When Republican Presidential nominee as his running mate, many locals couldn't help but think of Maplewood's very own hometown pol named Ryan — albeit one with very different political stripes. Gerard (Jerry) Ryan is a former Maplewood Mayor and current Township Committee member who is
We thought it would be interesting to ask Jerry Ryan about his thoughts on Paul Ryan -- who accepted the nomination last night at the Republican National Convention.
Q: Where to begin. Being a political animal yourself, you must have many thoughts on this nomination. Being a Democrat in a very liberal town like Maplewood, we would guess that you hold very little in common with Paul Ryan — outside of his love of public service and your last name. Are we wrong?
We're having a lot of laughs over this in my extended family. My youngest first cousin is named Paul Ryan: he is a college student down in Philadelphia. We've been having a great time asking him for invitations to political events, and his Facebook status now is both amusing and un-quotable in a family publication. My sons go to school with my cousin, and there are frightfully funny plans for bizarre YouTube videos that end with my cousin saying "I'm Paul Ryan, and I approve this message".
I think I was surprised when Mr. Romney chose Mr. Ryan as his running mate. It's not exactly the move toward the center that was predicted for his campaign, especially when it comes to social issues.
Rep. Ryan seems to have a reputation as a bright fellow who understands finance and works hard. I hope people think those things about me, too! But other than our name and our religion, I don't think Rep. Ryan and I have much in common on a lot of the issues.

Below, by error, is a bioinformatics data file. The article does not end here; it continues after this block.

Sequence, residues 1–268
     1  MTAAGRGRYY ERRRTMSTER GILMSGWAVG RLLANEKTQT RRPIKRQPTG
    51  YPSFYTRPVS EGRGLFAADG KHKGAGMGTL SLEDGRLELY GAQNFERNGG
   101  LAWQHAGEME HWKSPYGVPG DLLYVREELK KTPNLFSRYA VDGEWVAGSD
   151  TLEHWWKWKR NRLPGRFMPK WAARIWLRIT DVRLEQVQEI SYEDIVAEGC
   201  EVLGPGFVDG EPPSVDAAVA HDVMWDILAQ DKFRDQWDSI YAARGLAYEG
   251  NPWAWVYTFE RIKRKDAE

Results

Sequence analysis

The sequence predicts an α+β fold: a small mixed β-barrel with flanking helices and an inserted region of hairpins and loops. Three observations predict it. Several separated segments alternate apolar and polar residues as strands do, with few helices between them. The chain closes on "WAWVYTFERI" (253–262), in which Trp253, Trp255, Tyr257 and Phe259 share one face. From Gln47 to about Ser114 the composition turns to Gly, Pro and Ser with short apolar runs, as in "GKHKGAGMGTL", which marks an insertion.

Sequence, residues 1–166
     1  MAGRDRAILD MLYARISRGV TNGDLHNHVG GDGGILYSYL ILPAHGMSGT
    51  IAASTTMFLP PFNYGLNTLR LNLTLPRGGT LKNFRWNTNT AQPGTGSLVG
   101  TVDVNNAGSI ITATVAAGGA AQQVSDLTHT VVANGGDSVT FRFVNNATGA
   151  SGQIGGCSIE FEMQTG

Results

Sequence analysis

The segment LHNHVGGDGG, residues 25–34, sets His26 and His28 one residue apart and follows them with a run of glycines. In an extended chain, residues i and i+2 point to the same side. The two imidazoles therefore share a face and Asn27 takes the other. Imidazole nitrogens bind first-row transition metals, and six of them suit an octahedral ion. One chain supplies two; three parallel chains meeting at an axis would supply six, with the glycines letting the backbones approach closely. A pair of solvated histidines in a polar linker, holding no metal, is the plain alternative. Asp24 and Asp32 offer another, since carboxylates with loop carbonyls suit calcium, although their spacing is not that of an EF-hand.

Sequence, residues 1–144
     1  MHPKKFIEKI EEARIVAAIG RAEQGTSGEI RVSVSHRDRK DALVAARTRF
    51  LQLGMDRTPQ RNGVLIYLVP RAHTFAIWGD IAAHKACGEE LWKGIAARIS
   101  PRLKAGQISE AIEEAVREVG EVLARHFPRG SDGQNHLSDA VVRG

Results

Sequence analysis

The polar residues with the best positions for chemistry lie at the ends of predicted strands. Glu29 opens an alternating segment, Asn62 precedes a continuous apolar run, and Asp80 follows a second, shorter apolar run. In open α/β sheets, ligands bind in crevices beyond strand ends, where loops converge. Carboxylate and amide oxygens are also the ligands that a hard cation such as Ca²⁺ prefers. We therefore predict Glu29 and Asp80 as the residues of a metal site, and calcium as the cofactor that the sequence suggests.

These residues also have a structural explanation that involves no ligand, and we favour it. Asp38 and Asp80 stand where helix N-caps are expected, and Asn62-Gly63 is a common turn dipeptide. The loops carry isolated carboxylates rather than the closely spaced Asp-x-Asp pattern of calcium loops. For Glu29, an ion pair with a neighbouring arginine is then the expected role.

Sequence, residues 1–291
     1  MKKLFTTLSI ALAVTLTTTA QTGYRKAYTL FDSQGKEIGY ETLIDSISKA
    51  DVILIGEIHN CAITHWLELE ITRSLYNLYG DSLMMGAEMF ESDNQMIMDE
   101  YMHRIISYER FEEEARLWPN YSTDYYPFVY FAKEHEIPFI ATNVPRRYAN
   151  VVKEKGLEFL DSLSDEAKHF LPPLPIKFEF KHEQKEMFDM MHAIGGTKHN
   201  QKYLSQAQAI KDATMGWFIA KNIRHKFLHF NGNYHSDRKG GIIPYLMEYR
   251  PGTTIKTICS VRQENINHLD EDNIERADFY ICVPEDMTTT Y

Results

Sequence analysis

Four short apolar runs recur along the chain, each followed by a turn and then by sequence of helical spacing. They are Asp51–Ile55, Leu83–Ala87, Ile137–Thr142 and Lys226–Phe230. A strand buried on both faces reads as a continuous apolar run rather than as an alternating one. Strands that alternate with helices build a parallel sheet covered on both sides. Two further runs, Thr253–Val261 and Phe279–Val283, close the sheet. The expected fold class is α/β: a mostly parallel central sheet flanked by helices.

Q: So, you're not an acolyte of Ayn Rand (Paul Ryan has stated that he grew up reading Rand and her philosophy of objectivism shaped his world view)? We won't find copies of Atlas Shrugged and The Fountainhead on your book shelves?
Ha! No, but I did give Rand's books a try once. My friend was president of the Objectivism Club at Bell Labs, and he insisted I would find them interesting. I tried. The prose was turgid and the ideas were tiresome.
You know that funny quote: There are two novels that can change a bookish fourteen-year old's life: The Lord of the Rings and Atlas Shrugged. One is a childish fantasy that often engenders a lifelong obsession with its unbelievable heroes, leading to an emotionally stunted, socially crippled adulthood, unable to deal with the real world. The other, of course, involves orcs.
Q: Conversely, Paul Ryan also cites the writings of Thomas Aquinas as influential — which brings up your shared faith, Catholicism. Thoughts?
I'm very uncomfortable judging another person's religious beliefs. Mine has all that judge not lest ye be judged and do unto others stuff in it, you know... so I am only comfortable with talking about my own beliefs and how they inform my feelings on some of the issues being discussed in the campaigns this year.